The maximum monthly individual Social Security benefits are $3,895 right now. How much income do you need to qualify for that maximum?
The stakes are high. The average monthly benefits are just $1,558.
So there is a $28,044 yearly gap between the average and maximum Social Security benefits of $18,696 and $46,740. That’s way more than chump change.
Social Security Benefits: Making Yours Grow
The $2,337 gap between average and maximum monthly Social Security benefits will mushroom into more than $908,000 if you invest it and earn a relatively modest 7% yearly rate of return for 16 years, according to calculator.net.
And 7% is fair. That’s much less than the broad market’s actual performance over the past 15 years. In that span, the S&P 500 has averaged annual returns of 10.3%, according to Morningstar Direct.
Why do we talk about investing your extra Social Security benefits for 16 years? That’s about the average American’s life expectancy once he or she reaches age 70. And age 70 is when you become eligible for your maximum starting Social Security benefits.
Of course, being able to invest the additional Social Security benefits depends on your not needing it for living expenses. That would be the case if you’ve invested wisely or have other sources of income, such as a traditional pension.
How To Get The Top Social Security Benefits
So whether you need it for current bills or you can afford to invest it, exactly how much income does it take to qualify for the maximum Social Security benefits?
Your benefits are based on your earnings over your work career. Specifically, it is based on your 35 highest earning years.
But your benefit does not climb without limit the higher your yearly pay was. There’s a cap on how high your benefit can be. That’s the monthly maximum benefit of $3,895.
Basically, there are two ways to figure out if you qualify for the maximum.
The longer, more detailed solution is to calculate an estimate of how much your individual benefits will be. Many financial sites offer calculators for this purpose. AARP.org and Bankrate.com are two.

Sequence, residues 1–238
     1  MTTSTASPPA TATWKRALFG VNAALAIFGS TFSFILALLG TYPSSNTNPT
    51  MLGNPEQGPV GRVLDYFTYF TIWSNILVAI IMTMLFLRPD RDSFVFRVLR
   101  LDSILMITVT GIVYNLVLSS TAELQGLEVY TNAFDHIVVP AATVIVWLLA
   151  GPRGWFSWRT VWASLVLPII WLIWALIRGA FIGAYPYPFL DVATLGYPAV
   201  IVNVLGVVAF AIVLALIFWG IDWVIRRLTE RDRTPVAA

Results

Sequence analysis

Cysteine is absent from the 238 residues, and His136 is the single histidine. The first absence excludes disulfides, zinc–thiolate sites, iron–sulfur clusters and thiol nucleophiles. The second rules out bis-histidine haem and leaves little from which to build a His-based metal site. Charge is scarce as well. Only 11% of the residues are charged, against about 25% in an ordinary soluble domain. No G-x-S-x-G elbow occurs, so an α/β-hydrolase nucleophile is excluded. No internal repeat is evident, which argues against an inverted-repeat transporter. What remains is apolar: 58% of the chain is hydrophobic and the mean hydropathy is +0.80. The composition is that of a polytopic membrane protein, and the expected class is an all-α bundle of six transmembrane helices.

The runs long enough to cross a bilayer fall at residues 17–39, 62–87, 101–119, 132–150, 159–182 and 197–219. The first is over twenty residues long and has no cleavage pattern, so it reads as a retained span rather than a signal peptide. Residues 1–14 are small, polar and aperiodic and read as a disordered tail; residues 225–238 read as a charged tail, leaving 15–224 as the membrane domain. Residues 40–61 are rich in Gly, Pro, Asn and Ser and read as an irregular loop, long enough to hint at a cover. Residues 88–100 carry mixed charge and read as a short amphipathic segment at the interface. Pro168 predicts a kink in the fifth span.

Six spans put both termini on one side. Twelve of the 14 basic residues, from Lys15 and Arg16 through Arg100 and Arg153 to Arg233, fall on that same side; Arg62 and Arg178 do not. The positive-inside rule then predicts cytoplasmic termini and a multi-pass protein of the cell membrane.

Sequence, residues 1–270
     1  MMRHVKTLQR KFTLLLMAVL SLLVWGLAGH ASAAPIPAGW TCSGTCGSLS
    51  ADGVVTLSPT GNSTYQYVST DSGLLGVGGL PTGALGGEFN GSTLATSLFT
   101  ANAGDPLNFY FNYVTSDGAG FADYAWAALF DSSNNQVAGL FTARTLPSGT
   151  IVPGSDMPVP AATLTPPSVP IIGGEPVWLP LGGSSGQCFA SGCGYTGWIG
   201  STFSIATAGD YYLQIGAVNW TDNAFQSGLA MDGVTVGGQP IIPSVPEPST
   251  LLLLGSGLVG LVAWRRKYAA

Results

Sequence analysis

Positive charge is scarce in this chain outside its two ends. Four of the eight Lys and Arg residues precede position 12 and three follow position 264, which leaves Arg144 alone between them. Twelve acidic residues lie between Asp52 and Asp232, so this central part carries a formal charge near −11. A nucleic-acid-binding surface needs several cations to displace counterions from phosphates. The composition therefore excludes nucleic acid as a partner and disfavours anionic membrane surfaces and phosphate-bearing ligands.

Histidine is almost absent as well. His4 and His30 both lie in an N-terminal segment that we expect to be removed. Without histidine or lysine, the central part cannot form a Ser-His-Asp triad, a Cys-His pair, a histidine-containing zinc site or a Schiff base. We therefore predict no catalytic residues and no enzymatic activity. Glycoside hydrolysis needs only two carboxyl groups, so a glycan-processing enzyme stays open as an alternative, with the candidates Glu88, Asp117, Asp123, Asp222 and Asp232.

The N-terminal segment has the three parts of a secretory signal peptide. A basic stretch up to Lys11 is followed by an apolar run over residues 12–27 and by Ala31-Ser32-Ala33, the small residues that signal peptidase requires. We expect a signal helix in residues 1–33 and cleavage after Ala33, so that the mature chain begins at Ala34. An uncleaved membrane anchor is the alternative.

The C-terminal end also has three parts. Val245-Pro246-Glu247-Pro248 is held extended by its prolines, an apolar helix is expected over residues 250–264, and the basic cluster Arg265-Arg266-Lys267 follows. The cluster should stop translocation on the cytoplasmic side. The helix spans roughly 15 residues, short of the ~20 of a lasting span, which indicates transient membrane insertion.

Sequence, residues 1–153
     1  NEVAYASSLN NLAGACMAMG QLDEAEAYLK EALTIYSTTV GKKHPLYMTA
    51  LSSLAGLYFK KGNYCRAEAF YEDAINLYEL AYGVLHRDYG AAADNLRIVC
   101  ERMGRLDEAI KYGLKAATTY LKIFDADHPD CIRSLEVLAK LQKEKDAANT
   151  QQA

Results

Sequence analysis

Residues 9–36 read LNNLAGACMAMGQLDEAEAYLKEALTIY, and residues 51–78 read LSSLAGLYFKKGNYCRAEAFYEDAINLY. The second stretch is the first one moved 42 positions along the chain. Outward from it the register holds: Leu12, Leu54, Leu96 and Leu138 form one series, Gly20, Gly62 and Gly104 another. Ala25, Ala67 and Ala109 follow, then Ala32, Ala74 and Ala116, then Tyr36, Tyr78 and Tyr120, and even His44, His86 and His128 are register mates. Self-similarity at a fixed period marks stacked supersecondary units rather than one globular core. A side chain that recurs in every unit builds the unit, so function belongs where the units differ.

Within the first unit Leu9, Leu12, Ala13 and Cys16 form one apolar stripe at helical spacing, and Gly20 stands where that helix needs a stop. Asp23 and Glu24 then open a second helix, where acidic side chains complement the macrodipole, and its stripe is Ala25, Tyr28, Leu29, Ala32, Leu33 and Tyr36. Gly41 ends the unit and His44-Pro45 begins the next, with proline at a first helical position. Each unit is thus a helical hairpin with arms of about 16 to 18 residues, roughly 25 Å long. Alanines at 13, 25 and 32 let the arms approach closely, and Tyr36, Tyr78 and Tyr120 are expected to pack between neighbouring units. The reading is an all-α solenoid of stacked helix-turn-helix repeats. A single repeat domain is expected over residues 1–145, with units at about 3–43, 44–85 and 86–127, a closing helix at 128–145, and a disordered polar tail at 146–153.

What Calculators Tell You
The Social Security Administration offers two such calculators. One is a quickie calculator. It uses yearly earnings information you input. It’s good for generating what-if scenarios. Those can vary depending on earnings amounts you plug in and retirement dates that you use.
The SSA’s second calculator uses your actual year-by-year earnings data.
The second overall method tells you only if you qualify for the current maximum monthly Social Security benefits. But it won’t show you a dollar-amount estimate of your benefits.
This second method relies on the fact that the SSA bases your benefit on your earnings in your 35 highest pay years.
To receive the maximum benefits, you must reach a certain earnings threshold in each of those 35 years, says Morgan Christen, chief executive officer of Spinnaker Investment Group.
The 2021 Yearly Threshold
That threshold is equal to the maximum dollar amount that’s used to calculate your Social Security payroll tax. So, to get the maximum benefits, your earnings in each of those 35 years must be equal to or greater than what’s known as your Social Security wage base. That’s the maximum amount of your earnings that are subject to the Social Security tax (called the taxable maximum).
The SSA posts those annual numbers here, at its web site. In 2021, for example, that number is $142,800. In 2011, it was $106,800. In 2001, it was $80,400. The taxable maximum will increase to $147,000 in 2022.
If you fell short of that number in any year, you don’t qualify for the maximum monthly Social Security benefits, Christen says.
If both you and your spouse work and are joint filers, both of your numbers must beat the threshold for each of you to qualify for the monthly max.
What Else Calculators Can Teach
If you don’t qualify for the top monthly Social Security benefits? You can still calculate how much you do qualify for. You can use those online calculators.
Bear in mind that you’ll have to input such factors as what year you plan to retire.
And one of the most influential variables has to do with how old you are or will be when you retire and start to collect Social Security benefits.
When To Start Your Benefits
You can start to collect Social Security benefits as early as age 62.
But, under today’s rules, if you wait until what the Social Security Administration calls your full retirement age (FRA), your benefits will jump by up to 30%.
Full retirement age increases gradually if you were born from 1955 to 1960, until it reaches 67. For anyone born 1960 or later, full retirement benefits are payable at age 67. You can find your full retirement age by birth year in the full retirement age chart.
But full retirement age is not the same as maximum retirement benefits age. That occurs once you reach age 70. Your monthly benefits grow between FRA and age 70.
For every year you delay claiming Social Security past your FRA up to age 70, you get an 8% increase in your benefit.
But your benefits won’t grow any more once you hit the big 7-0.
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